I try to learn new things, better myself, and change what’s not working. When this holiday rolls around, I don’t sit and reflect—I barely give a thought to the past year except to say, “Huh. That sucked. Hope next year is better.”

And it isn’t.

It delivers a whole host of new and different problems. So that’s exciting.

But that’s life, isn’t it?

The thing is, like I said last year, I feel pressured to look back over my year and write something meaningful but I simply don’t want to.

What I’d like to do is drink some wine (or Baileys or beer—I’m not picky), watch It’s a Wonderful Life (I know, the irony is delicious), and eat sushi.

So here’s to sitting in front of a movie, drinking, eating, and writing ‘2015’ on all my documents for a few months.

 

Happy New Year, gentle readers. 🎉

 

My Sunday thoughts in 200 words or less.

ThoughtBubble

 

Do you make New Year’s resolutions? Do you stick to them? (Let’s be honest…are they even realistic?)

 

 

I’m Nobody! Who Are You?

 

I’m having a writer’s identity crisis.

 

Nobody - sig

 

I can’t decide what to write.

Social media introduces me to the world as…

 

Who am I?

Articles, books, and blogs stress how important it is to have a niche. A platform. A brand. How crucial it is keep your “About Me” page updated and create a kick-ass profile. What I write defines who I am.

Cue the freak-out.

I don’t have a niche.

My “About Me” page doesn’t reflect who I am anymore.

My profile? That’s not me.

What type of writing should I focus on? Nonfiction? Fiction? What genre? What am I doing? What’s my blog about? Who am I?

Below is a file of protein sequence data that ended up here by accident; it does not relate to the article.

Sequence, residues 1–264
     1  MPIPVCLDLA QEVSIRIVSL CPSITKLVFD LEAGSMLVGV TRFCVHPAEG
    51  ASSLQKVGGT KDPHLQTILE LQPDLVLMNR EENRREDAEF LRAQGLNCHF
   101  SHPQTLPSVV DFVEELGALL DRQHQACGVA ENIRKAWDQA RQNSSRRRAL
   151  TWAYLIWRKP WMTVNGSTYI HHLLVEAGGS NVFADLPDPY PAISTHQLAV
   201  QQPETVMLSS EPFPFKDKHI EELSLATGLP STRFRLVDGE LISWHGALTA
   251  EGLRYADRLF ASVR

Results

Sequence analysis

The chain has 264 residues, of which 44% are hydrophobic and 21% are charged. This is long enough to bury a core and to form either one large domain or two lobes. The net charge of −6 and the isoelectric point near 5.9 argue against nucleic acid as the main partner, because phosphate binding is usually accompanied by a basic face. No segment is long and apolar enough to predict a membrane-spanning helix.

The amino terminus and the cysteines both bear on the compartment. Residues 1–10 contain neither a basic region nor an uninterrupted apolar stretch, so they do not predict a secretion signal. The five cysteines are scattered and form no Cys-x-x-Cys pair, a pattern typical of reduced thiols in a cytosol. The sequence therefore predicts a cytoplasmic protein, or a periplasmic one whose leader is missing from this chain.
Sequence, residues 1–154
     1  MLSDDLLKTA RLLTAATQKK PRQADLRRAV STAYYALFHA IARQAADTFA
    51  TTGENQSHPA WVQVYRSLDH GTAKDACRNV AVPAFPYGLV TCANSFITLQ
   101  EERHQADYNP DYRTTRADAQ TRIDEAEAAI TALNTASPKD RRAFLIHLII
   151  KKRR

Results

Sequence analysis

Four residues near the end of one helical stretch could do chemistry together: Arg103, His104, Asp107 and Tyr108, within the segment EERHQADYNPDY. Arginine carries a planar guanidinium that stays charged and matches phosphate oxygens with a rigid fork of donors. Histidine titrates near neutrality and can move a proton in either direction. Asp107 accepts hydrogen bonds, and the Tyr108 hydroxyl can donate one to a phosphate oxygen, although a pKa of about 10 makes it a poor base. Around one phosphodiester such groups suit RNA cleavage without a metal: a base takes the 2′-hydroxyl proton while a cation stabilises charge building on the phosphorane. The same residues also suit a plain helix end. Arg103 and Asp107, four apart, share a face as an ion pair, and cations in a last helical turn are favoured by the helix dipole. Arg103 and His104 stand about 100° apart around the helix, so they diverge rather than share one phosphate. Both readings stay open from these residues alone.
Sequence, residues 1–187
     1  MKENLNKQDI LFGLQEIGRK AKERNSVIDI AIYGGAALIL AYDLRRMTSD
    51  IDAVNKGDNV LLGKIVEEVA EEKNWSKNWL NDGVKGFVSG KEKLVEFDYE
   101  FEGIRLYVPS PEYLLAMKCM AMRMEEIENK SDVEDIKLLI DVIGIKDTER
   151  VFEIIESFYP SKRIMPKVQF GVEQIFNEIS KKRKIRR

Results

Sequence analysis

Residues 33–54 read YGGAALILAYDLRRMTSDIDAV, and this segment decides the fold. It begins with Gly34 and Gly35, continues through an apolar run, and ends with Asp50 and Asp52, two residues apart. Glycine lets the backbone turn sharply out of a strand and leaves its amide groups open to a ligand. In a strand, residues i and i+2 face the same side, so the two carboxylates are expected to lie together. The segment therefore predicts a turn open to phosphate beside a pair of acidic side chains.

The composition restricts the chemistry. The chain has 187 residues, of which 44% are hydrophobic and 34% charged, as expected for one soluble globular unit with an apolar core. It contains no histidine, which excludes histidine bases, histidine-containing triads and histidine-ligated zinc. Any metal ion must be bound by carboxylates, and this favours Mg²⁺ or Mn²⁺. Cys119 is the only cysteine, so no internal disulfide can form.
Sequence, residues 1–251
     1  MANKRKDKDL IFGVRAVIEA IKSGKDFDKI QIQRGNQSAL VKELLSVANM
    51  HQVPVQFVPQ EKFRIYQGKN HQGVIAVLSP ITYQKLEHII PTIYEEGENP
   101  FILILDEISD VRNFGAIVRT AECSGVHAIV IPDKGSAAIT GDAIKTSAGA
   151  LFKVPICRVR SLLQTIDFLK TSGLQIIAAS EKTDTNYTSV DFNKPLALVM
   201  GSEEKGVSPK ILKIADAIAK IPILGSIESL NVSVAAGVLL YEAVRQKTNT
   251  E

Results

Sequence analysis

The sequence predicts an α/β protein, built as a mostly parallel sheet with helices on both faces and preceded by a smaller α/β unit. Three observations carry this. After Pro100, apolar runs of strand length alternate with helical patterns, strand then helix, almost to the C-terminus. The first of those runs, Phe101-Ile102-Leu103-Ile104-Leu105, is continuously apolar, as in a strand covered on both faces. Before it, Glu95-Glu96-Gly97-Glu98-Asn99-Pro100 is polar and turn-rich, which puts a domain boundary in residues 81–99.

I could just change my profile but I don’t want something hastily written in the midst of a crisis. It’s seen by far too many people who judge you by those 10-20 words. (They do.) And I don’t want to tweak it every week on a whim.

So.

I’ve deleted my profile. I know. You can’t do that. It’s so bloody important to have one. But I don’t. Not right now.

I am officially nobody.

I thought that would send me into a panic but, honestly, it feels…

Good.

 

My Sunday thoughts in 200 words or less.

ThoughtBubble

 

Have you ever had a WIC (Writer’s Identity Crisis)? What did you do? How did you find your way? Or did you?

 

I’m Nobody! Who are you?
Emily Dickinson

I’m Nobody! Who are you?
Are you – Nobody – too?
Then there’s a pair of us!
Don’t tell! they’d advertise – you know!

Ah, my beloved Emily. She’s always there when I need her.
(Poets.org)

 

One Leaf

 

There’s a tree outside my bedroom window with one leaf on it.

 

One Leaf - sig

 

This one leaf will not let go.

I mentioned I was on a journey to find my true colors. No longer hidden by green chlorophyll, this leaf found its color. It’s red.

But it’s not letting go.

Every morning, I see this stubborn autumn leaf. It hangs on, clinging to a thin branch.

I check on it after rain, after heavy winds—and there it is. Still on its tree in mid-December.

I said I was a leaf. I think I’m this one. The one that won’t let go.

Why am I holding on to who I was?

People change. Priorities change. Experiences shape and reshape us. Why do we resist?

Is it difficult to accept? Do we become complacent? Are we uncomfortable admitting we are not who we thought we were?